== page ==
The Asheville Tourists started the season last week with 23 new players donning the navy jersey. Three of the new recruits, Daniel Motano, Javier Guevara, and Alfredo Garcia are from Venezuela, where political unrest has spiraled into a humanitarian crisis.
Last week, was a whirlwind for outfielder Daniel Montano and his teammates. Their plane landed in Asheville on Monday, and they played their opening night game on Thursday.
“It feels good. It’s a little different, because of the weather. It’s not the same as in my country -- but the team feels good,” Montano said.
“Se siente bien. Hay un poco diferente por el clima. Que no es igual en mi país. El equipo, se siente bien.”
Montano and the team just completed spring training in Arizona. Last season, he played for the rookie-ball Grand Junction Rockies. Before that, he was home in Maracay, Venezuela. His family is still there, and given the political and civil unrest, it’s a source of anxiety for Montano.
“I try not to think about it. right now, we’re focused on baseball. But it doesn’t feel good, to know your country isn’t well, and your family isn’t close by,” Montano said.
“Yo trato de no pensar en eso. Estamos ahorita enfocado en beisbol, en el season. Pero no se siente bien, que tu pais no este bien y tu familia ni cercano en la mañana.“
Political upheaval in Venezuela has escalated in recent months. The increasingly authoritarian regime of Nicolas Maduro has led international organizations, like Human Rights Watch, to urge the United Nations to declare a full-scale humanitarian emergency.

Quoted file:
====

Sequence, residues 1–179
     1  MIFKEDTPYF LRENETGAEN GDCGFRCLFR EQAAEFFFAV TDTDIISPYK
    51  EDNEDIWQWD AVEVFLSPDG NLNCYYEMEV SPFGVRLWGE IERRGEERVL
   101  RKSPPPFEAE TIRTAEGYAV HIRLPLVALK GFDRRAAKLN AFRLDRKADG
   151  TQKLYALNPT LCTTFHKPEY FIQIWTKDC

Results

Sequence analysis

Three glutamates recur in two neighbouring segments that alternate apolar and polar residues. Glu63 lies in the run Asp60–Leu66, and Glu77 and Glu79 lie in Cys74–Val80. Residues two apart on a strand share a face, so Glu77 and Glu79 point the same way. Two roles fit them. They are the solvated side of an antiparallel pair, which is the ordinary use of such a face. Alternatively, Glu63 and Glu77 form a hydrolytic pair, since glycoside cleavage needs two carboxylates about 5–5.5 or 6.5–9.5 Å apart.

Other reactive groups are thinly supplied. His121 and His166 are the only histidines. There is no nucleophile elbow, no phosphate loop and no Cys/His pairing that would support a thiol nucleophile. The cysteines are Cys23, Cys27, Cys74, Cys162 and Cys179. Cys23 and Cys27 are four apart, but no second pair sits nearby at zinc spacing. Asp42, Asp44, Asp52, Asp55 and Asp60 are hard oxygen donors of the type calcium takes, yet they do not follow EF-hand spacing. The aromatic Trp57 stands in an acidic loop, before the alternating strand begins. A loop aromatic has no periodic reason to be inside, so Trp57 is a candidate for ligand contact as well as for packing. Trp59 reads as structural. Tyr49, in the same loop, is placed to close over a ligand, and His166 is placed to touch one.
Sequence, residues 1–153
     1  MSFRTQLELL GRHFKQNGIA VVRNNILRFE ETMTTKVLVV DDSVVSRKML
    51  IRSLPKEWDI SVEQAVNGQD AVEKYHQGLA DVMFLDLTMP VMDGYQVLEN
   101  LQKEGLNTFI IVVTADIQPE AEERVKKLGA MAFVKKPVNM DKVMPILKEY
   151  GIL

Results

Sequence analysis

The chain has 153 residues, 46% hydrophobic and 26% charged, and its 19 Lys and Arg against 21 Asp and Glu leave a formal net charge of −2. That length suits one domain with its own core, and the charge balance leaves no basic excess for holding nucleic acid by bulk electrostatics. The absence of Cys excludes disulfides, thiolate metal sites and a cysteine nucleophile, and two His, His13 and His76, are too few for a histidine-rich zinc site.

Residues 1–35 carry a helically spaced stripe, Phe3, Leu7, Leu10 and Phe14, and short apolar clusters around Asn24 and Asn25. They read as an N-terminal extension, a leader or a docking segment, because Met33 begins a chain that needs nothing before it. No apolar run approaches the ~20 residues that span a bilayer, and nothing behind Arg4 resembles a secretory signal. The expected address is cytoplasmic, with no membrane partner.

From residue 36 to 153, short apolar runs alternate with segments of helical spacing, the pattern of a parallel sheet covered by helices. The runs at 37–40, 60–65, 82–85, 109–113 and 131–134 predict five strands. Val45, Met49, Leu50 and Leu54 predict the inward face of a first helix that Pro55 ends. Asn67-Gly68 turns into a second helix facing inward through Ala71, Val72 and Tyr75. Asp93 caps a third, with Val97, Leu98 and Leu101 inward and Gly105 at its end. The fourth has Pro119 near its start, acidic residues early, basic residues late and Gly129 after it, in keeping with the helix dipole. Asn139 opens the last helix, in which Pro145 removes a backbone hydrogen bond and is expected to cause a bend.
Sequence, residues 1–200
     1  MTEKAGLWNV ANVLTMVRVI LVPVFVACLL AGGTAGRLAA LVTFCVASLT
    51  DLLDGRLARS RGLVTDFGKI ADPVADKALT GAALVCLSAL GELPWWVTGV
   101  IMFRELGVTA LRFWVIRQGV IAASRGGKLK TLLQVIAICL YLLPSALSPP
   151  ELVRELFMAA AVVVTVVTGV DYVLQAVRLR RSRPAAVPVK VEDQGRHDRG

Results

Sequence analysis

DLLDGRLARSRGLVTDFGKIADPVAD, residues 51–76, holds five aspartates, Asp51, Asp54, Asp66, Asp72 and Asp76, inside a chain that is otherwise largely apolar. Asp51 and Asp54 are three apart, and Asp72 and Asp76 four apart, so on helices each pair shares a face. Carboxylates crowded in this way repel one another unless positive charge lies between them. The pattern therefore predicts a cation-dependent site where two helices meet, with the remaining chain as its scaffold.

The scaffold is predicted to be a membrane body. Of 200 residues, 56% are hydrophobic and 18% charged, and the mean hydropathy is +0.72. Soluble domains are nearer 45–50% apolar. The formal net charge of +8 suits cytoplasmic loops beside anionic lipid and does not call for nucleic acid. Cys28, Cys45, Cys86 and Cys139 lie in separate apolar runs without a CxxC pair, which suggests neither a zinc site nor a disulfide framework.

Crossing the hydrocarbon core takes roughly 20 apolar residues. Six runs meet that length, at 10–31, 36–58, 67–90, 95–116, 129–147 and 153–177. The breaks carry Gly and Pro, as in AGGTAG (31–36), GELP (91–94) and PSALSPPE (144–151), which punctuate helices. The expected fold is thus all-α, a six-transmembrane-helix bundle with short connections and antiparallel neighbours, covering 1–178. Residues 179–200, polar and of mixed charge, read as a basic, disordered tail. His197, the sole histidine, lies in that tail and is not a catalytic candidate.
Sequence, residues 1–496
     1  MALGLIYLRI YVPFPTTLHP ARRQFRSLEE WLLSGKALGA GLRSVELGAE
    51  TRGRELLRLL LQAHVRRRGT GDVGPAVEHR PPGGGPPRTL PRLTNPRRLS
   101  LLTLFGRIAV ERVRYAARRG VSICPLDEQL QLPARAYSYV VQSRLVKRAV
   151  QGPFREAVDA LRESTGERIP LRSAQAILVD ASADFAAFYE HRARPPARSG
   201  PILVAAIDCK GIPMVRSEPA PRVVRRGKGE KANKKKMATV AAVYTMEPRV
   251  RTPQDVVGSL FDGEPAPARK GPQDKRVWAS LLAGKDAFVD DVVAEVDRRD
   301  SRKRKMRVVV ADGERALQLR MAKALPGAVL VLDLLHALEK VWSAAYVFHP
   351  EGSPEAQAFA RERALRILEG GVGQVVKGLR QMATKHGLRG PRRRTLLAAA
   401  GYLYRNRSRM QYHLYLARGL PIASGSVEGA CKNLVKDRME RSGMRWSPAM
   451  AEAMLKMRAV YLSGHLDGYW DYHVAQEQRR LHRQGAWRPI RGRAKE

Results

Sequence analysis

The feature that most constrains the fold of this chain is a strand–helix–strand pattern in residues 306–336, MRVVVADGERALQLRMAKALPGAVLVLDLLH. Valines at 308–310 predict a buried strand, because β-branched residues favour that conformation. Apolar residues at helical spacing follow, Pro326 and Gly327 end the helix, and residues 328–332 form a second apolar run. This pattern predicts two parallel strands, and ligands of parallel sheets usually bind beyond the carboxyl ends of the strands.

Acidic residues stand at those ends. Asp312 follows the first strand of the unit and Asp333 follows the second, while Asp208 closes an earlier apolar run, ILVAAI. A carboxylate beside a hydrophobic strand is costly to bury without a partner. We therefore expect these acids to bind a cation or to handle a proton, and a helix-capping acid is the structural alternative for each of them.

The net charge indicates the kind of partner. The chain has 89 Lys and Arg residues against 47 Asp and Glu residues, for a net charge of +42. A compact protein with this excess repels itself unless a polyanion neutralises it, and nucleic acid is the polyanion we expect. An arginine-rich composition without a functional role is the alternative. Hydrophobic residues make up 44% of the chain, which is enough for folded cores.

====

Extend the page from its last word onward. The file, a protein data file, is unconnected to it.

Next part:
“Right now, the problem is the lights. and there’s no food,” catcher Javier Guevara said.
“Ahorita hay un problema, la luz. No hay nada que la comida.”
He’s from Valencia. He says his family is struggling with the blackouts, which have caused food shortages and limited access to clean water. It’s forcing thousands of Venezuelans to flee the country. Guevara says his family is trying to survive it out.
“Bastante como preocupado, por la familia. No estoy bien...pero hay que saberlo trabajar, porque si uno trae ese problema aquí, son dos problemas.”
“I’m pretty worried about my family. all of my family is there, and they’re not doing well...but you have to know how to work it. if you bring this problem here, then you’ll have two problems.”
The 21-year old Guevara and Daniel Montano, who just turned 20, both say they’re trying to keep the faith -- and play good baseball.
Asheville Tourists spokesperson Dough Maurer says since they signed with the Rockies as teenagers, their move to Asheville is a sign they're continuing to climb the ranks, in hopes to one day make the Rockies MLB team.